The ligaments also contribute to sacroiliac movements being transmitted onto the lower lumbar segments and vice versa. Movement within the pelvic ring and movement in L4-S1 must always be regarded as a kinematic chain.
The dominating concept until several years ago was that the SI joint, as a classic amphiarthrosis, was not supplied with its own muscles. This presumption is correct as regards the mobility function. However, it can be put on record that force closure, in the form of a multitude of dynamized ligaments and muscles, holds the joint surfaces together and stabilizes the SI joint.
The interplay between muscles and ligaments near joints has been known for a long time now. The knee joint is a perfect example of this. The extension of muscles into capsular-ligamentous structures is called ligament dynamization. Two examples of pelvic ligaments are presented here to demonstrate how intensive the contact is between muscles and the functional collagen in this region.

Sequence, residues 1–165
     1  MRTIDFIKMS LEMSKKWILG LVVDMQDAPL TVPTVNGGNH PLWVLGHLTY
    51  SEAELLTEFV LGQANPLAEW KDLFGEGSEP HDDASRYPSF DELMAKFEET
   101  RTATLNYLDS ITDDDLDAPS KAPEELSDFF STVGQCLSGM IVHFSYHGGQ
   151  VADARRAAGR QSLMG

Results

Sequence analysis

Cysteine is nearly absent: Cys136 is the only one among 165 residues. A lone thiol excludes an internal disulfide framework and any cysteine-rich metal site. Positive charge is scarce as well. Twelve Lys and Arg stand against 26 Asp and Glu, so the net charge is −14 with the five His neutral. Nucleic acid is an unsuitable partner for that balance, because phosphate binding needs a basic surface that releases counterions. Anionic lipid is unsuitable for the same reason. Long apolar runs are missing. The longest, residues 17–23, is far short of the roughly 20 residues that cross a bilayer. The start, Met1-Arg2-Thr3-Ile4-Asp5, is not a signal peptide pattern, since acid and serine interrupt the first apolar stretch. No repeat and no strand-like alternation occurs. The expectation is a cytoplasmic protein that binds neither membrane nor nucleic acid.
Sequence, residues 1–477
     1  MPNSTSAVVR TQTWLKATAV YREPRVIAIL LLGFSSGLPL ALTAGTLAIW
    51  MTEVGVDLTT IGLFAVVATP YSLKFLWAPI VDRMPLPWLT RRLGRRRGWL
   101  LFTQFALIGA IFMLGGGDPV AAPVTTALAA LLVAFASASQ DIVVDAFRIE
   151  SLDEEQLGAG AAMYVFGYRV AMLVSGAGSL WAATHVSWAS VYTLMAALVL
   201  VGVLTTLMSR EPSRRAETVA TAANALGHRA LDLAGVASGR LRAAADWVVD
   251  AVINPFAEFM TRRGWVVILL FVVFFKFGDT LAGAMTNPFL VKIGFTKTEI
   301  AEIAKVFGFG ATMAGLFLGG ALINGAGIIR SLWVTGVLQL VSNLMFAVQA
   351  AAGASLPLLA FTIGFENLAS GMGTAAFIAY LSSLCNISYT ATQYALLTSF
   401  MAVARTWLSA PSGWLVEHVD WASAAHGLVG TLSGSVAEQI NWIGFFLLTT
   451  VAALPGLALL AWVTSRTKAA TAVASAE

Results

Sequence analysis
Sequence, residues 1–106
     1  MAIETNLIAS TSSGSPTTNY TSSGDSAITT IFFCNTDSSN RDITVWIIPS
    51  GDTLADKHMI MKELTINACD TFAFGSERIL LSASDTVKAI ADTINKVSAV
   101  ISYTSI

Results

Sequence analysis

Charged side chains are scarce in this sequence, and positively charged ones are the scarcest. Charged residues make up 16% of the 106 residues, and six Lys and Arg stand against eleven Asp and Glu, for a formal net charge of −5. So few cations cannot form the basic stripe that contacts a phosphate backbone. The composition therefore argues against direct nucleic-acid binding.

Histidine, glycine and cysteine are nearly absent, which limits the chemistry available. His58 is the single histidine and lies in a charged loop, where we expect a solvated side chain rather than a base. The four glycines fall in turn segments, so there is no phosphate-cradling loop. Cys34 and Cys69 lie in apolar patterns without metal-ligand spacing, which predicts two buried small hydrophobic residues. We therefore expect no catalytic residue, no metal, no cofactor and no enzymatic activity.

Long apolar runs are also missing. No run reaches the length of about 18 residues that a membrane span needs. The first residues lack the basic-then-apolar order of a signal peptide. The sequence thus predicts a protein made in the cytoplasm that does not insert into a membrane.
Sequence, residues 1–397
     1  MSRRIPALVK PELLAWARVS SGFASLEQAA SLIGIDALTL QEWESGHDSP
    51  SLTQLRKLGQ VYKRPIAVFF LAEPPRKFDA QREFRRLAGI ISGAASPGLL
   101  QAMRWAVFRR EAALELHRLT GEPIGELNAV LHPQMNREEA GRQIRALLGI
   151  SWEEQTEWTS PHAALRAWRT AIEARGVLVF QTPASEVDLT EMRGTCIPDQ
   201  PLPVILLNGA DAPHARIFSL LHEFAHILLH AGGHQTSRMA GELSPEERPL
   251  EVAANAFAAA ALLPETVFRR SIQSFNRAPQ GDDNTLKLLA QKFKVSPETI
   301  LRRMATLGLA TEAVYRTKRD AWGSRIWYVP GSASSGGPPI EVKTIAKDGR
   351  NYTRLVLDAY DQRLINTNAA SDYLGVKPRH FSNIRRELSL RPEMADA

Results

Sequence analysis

We know that the hamstring muscles are most active at the end of the swing phase during gait. The hamstrings slow down the anterior tibial swing a few milliseconds before heel contact, decelerating knee extension.
The long head of the tensed biceps femoris often merges with the sacrotuberous ligament via large bundles of collagen (also without contact with the ischial tuberosity) and dynamizes the ligament (▶ Fig. 9.26). The biceps femoris activity prevents the sacrum from fully nutating and stabilizes the SI joint directly before the landing phase.
Each of the muscles is able to dynamize the fascia. The fascia forms a diagonal sling between the latissimus dorsi and the contralateral gluteus maximus (▶ Fig. 9.27). The force of the sling acts perpendicular to the joint surfaces, stabilizing the SI joint and the inferior lumbar spine during strong rotation. Consequently, the participating muscles and the fascia belong to the primary SI joint stabilizers. This sling can be especially trained using trunk rotation against resistance.
This fascial layer is also connected to the supraspinous ligament and the interspinous ligament up to the ligamenta flava. Vleeming (personal communication) comments on this: “The entire system is dynamically stabilized.”
Muscles also dynamize the middle and deep layers. It is well known that the transversus abdominis tightens the middle layer (see also the section “Detailed Anatomy of the Ligaments,” in Chapter 10).